Inner Peace through Food
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Inner Peace Through Food

Inner Peace Through Food
by Cindy Sue Blair

     Just what I was looking for, a pair of decoratively stitched blue jeans. I picked out one in my size and went to try them on. In the dressing room I discovered that they didn’t fit. Not only did they not fit they weren’t even close to fitting. Muttering under my breath, I redressed and went out to select another size. The next size up didn’t fit either.
     Were the jeans I was wearing my favorite jeans or were they the only ones that fit anymore? Tears filled my eyes as I quickly put on my worn and faded jeans. My only thought was to get out of the store before I burst into tears.
    It was painful to have my emotional blindfold ripped from my eyes to see the truth in a department store mirror. I had avoided shopping for new clothes, and I had avoided weighing myself, all to avoid admitting I was gaining weight. Yet in the end, the weight was there and I was no longer able to turn away from the truth.
     After a prolonged cry and then a bout of anger I realized that I was now free from my self-inflicted bondage. No longer did I have to avoid my image in store windows, no longer did I have to pretend my clothes fit, no longer did I have to carry the pain of feeling unattractive.
     I harnessed the emotional energy I had spent on denial and turned it full-force on positive action. I turned the page in the book of my life and began a new chapter. The first step was a visit to the library where I checked out a stack of books on health and nutrition. Next on the list was a long overdue visit to the doctor, who ran tests, said I was in good health but needed to lose weight, not a surprise.
     It has been a long journey of small steps and my emotions have run the gamut but now when I try on a pair of jeans there are no surprises. That day in the department store I went searching for jeans and found me.
    Cindy Sue Blair is an internationally syndicated columnist. Her articles appear in publications throughout the US, Canada and Europe. © Cindy Sue Blair 2011


Inner Peace Through Food
by Cindy Sue Blair

     Gram always said, “If you have your health, you have everything.” Good health is the cornerstone on which to build your life’s goals and dreams. Whether your goals include a new career or a trip to an exotic locale, you will need the energy and focus that healthy eating provides.
     What food groups and what amount from each group do you need to eat each day? Visit  and click on “Get a Personalized Plan” in the box on the right-hand side of the page. A new screen will open, simply enter your age, male/female, weight, height and physical activity and click “Submit.”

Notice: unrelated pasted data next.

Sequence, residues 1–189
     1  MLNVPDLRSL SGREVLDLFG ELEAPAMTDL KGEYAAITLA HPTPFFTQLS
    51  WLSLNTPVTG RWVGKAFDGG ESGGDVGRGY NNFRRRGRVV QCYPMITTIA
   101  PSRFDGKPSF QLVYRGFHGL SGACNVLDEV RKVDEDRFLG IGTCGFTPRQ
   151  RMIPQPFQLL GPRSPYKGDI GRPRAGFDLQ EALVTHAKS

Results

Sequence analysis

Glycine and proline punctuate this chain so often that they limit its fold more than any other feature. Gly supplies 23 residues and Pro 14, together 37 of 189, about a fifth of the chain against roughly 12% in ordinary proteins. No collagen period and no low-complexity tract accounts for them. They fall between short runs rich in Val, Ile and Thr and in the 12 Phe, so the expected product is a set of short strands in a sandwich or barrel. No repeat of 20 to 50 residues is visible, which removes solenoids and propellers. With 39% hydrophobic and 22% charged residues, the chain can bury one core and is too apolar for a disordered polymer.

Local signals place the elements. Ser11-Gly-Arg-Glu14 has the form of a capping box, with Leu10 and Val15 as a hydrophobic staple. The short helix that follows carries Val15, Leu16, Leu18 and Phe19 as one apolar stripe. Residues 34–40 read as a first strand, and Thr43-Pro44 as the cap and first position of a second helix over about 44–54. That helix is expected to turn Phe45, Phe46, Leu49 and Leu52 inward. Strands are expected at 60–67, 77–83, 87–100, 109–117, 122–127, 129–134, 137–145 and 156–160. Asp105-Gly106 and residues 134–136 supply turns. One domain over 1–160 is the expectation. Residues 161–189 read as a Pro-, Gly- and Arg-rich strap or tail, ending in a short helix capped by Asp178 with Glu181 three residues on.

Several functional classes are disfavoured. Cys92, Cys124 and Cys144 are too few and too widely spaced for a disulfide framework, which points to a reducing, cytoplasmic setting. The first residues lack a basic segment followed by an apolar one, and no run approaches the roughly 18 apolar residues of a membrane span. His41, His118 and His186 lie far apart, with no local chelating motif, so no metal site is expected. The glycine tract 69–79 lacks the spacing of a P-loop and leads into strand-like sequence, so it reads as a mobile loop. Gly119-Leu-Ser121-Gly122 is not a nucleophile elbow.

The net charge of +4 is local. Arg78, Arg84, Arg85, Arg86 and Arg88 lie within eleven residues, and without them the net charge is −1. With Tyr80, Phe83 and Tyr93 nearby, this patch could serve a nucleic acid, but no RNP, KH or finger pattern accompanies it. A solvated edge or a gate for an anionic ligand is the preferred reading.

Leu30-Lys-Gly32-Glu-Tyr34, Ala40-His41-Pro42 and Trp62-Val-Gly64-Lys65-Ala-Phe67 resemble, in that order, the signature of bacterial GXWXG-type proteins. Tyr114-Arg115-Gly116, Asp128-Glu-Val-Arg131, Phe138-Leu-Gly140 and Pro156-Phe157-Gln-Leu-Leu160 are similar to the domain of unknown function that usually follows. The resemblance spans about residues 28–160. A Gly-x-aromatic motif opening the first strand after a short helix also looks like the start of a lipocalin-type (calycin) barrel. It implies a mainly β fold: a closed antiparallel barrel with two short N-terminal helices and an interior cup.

If you are at your healthy weight, you will receive a daily food plan. If you are above the healthy range for your height, it will ask you if you want a food plan for your current weight or if you would like a food plan to gradually move toward a healthier weight. You can print a PDF version of your results and also a Meal Tracking Worksheet. Review the plan and talk to your healthcare professional before making any dietary changes.
     The Daily Food Plan can be the first step toward a healthier life. Compare what you eat on a daily basis to what the plan suggests. Look for eating habits that might be undermining your health such as an excess of carbohydrates, fat or sugar.
     Remember what Gram said and take the first step today toward that bright, healthy future.
     Cindy Sue Blair is an internationally syndicated columnist. Her articles appear in publications throughout the US, Canada and Europe. © Cindy Sue Blair 2011


Inner Peace Through Food
by Cindy Sue Blair

     The nutrition label, it’s on almost every package of food. Numbers and percentages for calories, fat, cholesterol, sodium and much more are listed on the label. What does it all mean to the consumer? How can we use the information on the label to make informed food choices?
     Comparing similar products is easy when you read the label. Nonfat milk and 2% milk each have about 30% of your daily calcium per a one cup serving but differ in calories and fat. Nonfat milk has fewer calories then 2% milk and no fat. Two-percent milk is higher in calories than nonfat milk and can have up to 15% of your daily value in fat. You can cut calories and fat in your cooking if you use nonfat milk.
     Are you watching your sodium intake? Sodium is added to many foods to add flavor or to preserve them. If you are looking to decrease your sodium intake, make sure you read the nutrition label on any food you purchase. The label lists the sodium per serving size in milligrams and also includes the percentage of daily value per a 2,000 calorie diet.